Digital transformation has given rise to a number of significant trends in information management.
We spoke with Mike Palmer, Veritas chief product officer executive vice president, and Janet Docherty, Veritas ANZ director of channel sales, to get an idea of what the main trends are and how the channel can capitalise on them.
According to Palmer, the number one message they have inside of their enterprise customers and one that resonates with cloud service providers, is that as we extend workflows and move data tiers to cloud, customers want to treat the public side of the cloud as an extension of their current data centres.
“That's obviously some form of the hybrid cloud, but the trend there is really 'how do I track and manage data, with the same level of compliance and the same level of cost management and performance management as I would have done on-premise, even if I'm using a cloud service provider tier,” Palmer says.
Palmer says the second trend is regulatory, as there are big shifts going on requiring enterprises to fundamentally rethink the way they store data – with Europe as a harbinger of what will come elsewhere.
“Today enterprises, more or less, store everything they acquire or create. And then they create policies to delete data,” Palmer says.
The General Data Protection Regulation (GDPR) is due to implement a significant shift in Europe.
“GDPR is actually asking them to think about that from a 180-degree different angle, where they're asking them to have retention policies and to delete everything else,” Palmer says.
And last (but Palmer asserts definitely not least), is that data and the information economy are really the lifeblood, the primary assets that most companies own, and probably the least understood, as more than half of the data that companies store is ‘Dark Data’, or completely unclassified.
“As such, it's not monetised, it's not leveraged for better productivity, it's not shared and it does create risk because it's available for discovery and can be exposed to security breaches,” Palmer says.
“We think that concept of finding a better return on the investment of data and creating classification of dark data is really the third most important trend.”
So, how can the channel capitalise on these trends?
“The challenge for our channel partners globally has been a world of public cloud adoption. How do they establish relevance? Many of the public cloud providers (and foremost among them, Amazon) did not create a channel program,” Palmer says.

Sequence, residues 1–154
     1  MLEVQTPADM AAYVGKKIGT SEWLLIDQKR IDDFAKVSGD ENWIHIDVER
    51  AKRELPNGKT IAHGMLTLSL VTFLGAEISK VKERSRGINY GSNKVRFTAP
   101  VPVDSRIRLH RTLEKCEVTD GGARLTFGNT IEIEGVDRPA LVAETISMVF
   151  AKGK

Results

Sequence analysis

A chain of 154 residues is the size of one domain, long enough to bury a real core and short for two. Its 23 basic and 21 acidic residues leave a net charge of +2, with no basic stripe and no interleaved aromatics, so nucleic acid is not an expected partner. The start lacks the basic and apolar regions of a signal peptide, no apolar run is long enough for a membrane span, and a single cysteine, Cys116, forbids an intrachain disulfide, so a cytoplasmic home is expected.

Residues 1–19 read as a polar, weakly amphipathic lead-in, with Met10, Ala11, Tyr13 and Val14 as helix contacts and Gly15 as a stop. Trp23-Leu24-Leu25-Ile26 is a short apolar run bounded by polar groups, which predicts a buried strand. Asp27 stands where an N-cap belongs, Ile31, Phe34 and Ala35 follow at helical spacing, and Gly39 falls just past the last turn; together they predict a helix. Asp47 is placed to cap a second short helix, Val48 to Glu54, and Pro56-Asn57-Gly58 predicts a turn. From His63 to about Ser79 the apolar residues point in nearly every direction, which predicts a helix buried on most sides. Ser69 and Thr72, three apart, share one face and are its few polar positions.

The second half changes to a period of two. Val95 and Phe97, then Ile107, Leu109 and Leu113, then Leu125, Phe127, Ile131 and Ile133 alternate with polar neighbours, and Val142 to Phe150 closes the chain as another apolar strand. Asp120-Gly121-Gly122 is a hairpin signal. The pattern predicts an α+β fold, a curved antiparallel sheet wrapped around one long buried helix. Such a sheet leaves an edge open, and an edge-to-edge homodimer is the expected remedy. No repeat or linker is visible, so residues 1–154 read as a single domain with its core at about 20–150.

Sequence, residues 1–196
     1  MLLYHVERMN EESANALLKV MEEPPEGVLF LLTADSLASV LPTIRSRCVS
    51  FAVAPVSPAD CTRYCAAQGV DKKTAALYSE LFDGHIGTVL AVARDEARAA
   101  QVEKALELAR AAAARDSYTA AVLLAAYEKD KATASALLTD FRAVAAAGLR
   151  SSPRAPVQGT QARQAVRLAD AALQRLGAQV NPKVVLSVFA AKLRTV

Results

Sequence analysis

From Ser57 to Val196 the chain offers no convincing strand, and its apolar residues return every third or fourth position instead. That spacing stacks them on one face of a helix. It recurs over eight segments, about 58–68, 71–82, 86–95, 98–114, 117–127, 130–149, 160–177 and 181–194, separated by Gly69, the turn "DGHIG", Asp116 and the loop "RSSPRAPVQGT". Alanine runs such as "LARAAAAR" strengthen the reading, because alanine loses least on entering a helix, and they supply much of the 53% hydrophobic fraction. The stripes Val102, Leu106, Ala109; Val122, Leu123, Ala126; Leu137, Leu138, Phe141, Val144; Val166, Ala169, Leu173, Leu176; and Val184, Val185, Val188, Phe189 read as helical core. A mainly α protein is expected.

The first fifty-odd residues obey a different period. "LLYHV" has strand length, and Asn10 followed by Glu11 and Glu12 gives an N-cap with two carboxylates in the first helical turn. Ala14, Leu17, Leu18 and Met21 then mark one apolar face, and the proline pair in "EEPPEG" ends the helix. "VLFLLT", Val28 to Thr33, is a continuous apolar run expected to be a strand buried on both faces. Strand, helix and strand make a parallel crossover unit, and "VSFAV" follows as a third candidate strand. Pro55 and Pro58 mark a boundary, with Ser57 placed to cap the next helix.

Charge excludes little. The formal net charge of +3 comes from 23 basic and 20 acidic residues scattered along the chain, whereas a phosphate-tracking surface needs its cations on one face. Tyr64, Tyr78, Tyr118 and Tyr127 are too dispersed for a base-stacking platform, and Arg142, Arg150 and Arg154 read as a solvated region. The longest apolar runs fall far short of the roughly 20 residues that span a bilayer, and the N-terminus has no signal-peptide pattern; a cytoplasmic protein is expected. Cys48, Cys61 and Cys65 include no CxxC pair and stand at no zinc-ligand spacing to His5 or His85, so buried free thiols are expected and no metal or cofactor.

“They prided themselves on what is really a GUI interface on the Internet, as opposed to a partner-led, advisory approach to cloud adoption.”
Palmer affirms that as customers adopt public cloud, there has been risk for the channel to be disrupted in the process.
“What we are helping our channel realise is that hybrid cloud is really just an extension of the current architecture,” Palmer says.
“We advise our customers on the best ways to migrate and manage workloads across public and private clouds as we allow them to make public cloud really just another tier of data management inside of their current strategy.”
And, Palmer says Veritas are a number of different things to help the channel in this area.
“Microsoft has one of the most robust and productive channel programs in the industry, which dates back decades. Veritas does as well. We send upwards of 85 percent of our revenue through to the channel,” Palmer says.
“Through collaborating with companies like Microsoft we're giving them offers to allow, for example, our partners to work with end customers to move our data to private cloud running on Azure.”
Following the release of Veritas’ new software-defined information management solution in September last year, Docherty says the A/NZ growth strategy is humming along well.
“They're looking at the platform that they can actually build services around the solutions that we're bringing to market, and it's actually giving the customers the outcomes that they're looking for,” Docherty says.
“Partners are able to create offerings to market, which helps them to differentiate against other architectures.”
Docherty says they’ve got key partners locked and loaded for the year ahead, and that is just the beginning.
“Veritas has forged key partnerships with Amazon and Microsoft, and you can expect to see announcements from some other providers because we view ourselves as the best positioned company to allow our customers to adopt the technology that they want to,” Docherty concludes.